The Great Lakes have always been treacherous to navigate on during the fall period. Many ships have been lost both in the 1800’s as well as the 1900’s. The storm that hit the entire Great Lakes basin in the year 1913 was unlike any other storm in it’s destructive fury. The storm has been given many different names including being called the “Big Blow“. All in all, more than 250 people lost their lives and some 19 ships were lost. The estimated loss of ship value alone was some $5 million dollars in 1913 money. A particularly peculiar facet of the 1913 storm was that it lasted some sixteen hours where most Great Lakes storms tend to last about four hours. No doubt that this added to the death total and loss of vessels. The storm was most powerful on November 9, 1913 with waves battering and overturning ships on four of the five Great Lakes. Lake Huron appeared to be the hardest hit..

cleveland 1913 storm

Cleveland Ohio during the November 1913 Great Lakes Storm

The Great lakes region often has a confluence of different weather fronts meeting together and as a result has some unpredictable and fierce storms. Most come during the months of October through December. It’s a well known fact that that Great Lakes seamen have long felt that the storms and wave action are equal to or can surpass anything experienced on the oceans. Lake Michigan as an example can be quite dangerous. Most shipping travels on a north to south direction and storms coming from the west, which is more common, hit the vessel with waves from the side. Lake Michigan, especially on it’s southern half, offer few harbors or bays to take refuge. The modern day breakup and sinking of the Carl D. Bradley was just one example. Anyone living in the Great Lakes Region for an extended period of time can become all too familiar with the tremendous storms, or low pressure areas, that can settle over the Great Lakes Region in the fall. In short, as Polar outbreaks become more regular and intense, surging south into the Great Lakes area, they meet up with the warmer, moisture laden air from the Gulf of Mexico.

The story of the SS Wexford and it’s fatal demise on Lake Huron in 1913 exemplifies the dangers. Remember, that in 1913 maritime weather forecasting and warnings were not as sophisticated as what we now have in the 21st century. According to records from NOAA, the November 1913 weather map pattern of storm development was  not unlike the storm development of another more recent monster low pressure system that formed during the period of January 25-27th, 1978. Both systems involved an Arctic shot of cold air moving south across the Lakes area, while at the same time, an intensifying low pressure area took shape over the southern Appalachians. The 1913 great storm produced 90 mph winds, waves over 35 feet, and whiteout snow squalls.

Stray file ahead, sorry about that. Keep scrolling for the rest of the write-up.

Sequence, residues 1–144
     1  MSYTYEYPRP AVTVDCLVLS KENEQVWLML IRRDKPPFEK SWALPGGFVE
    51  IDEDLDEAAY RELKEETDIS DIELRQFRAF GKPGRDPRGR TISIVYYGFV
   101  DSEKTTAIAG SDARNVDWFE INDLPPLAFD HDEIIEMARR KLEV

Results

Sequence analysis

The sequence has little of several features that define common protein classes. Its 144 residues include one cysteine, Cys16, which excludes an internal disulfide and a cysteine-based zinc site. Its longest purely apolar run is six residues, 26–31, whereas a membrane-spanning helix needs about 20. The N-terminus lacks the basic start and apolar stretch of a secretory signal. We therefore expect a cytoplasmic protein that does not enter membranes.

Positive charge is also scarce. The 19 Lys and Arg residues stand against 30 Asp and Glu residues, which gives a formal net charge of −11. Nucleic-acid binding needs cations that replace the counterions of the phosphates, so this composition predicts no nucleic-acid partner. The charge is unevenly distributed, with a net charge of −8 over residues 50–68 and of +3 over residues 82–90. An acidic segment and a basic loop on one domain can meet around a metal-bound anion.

ss wexford

SS Wexford

The SS Wexford was a steel hulled, propeller driven bulk freighter that was built in Great Britain in 1883. She was 250 feet long and 40 feet wide. At the time the SS Wexford went down on November 10, 1913, she was hauling a load of steel rails and was owned at the time by the Western Steamship Company of Totonto.  According to NOAA, eight out of eighteen ships that battled the 1913 storm on Lake Huron were lost. In the  book, The Wexford: Elusive Shipwreck of the Great Storm, 1913, author Paul Carroll points out that there was a lot of evidence pointing to the fact that the SS Wexford had actually traveled further north heading up Lake Huron than where she eventually sank. The speculation is that the ship was pushed far southward by the fierce northerly winds before she went down. All 22 of her crew were lost in the sinking. Bodies, life jackets and debris washed up on the shores of Ontario for some time afterwards. Another vessel, the 524-foot steamer, the Charles S. Price was found floating upside-down off Port Huron Michigan. Some artifacts of the SS Wexford were actually discovered along the Canadian shoreline some years later. Another good book regarding this storm is White Hurricane by author David G. Brown.

detroit news 1913 great lakes storm headline

Detroit News headline, Nov. 1913

The story of what exactly occurred with the eight lost vessels on Lake Huron will never be completely known since there was not one survivor from any of them.

Very interesting is that the wreck of the SS Wexford was actually discovered in the year 2000, 8.6 miles NNE of Grand Bend Ontario Canada. The ship was lying upright in 75 feet of water. Of the eight ships lost on Lake Huron to the November storm of 1913, the Wexford is the only ship sitting fully upright. It sits on the bottom of Lake Huron in a north/south orientation. The wreck is being explored today by divers although I have read of a few prosecutions made for removing artifacts from the wreck. At the relatively shallow depth that the SS Wexford lies, it affords a excellent experience for skilled divers.

The Great Storm of 1913 not only devastated Great Lakes shipping but rained havoc on Great Lake communities as shown on the photo on top of Cleveland Ohio which had a 22 inch snowfall. Power was out in vast areas of Michigan and Ontario. In regards to lake Erie shipping during the brutal storm, Buffalo New York on the east end of Lake Erie offered shelter and an end to Lake Erie’s constant, brutal wave action.

You will want to read two additional articles relating to Great Lakes shipping disasters. The sinking of the Carl D. Bradley in Lake Michigan and the G.P. Griffith tragedy on lake Erie.

Michigan is a vacation wonderland during the summer and there are several Great Lakes museums that offer a lot of information about the history of this shipping region. One is the Great Lakes Shipwreck Museum located at Whitefish Point on the very southeastern part of Lake Superior on Michigan’s upper peninsula. Another is the  Steamship William G. Mather Maritime Museum in Cleveland Ohio. The museum is located just north of the Great Lakes Science Center at Dock 32. Detroit Michigan offers the Dossin Great Lakes Museum  located on at Belle Isle which is in the middle of the Detroit River.

(Photos are from the public domain)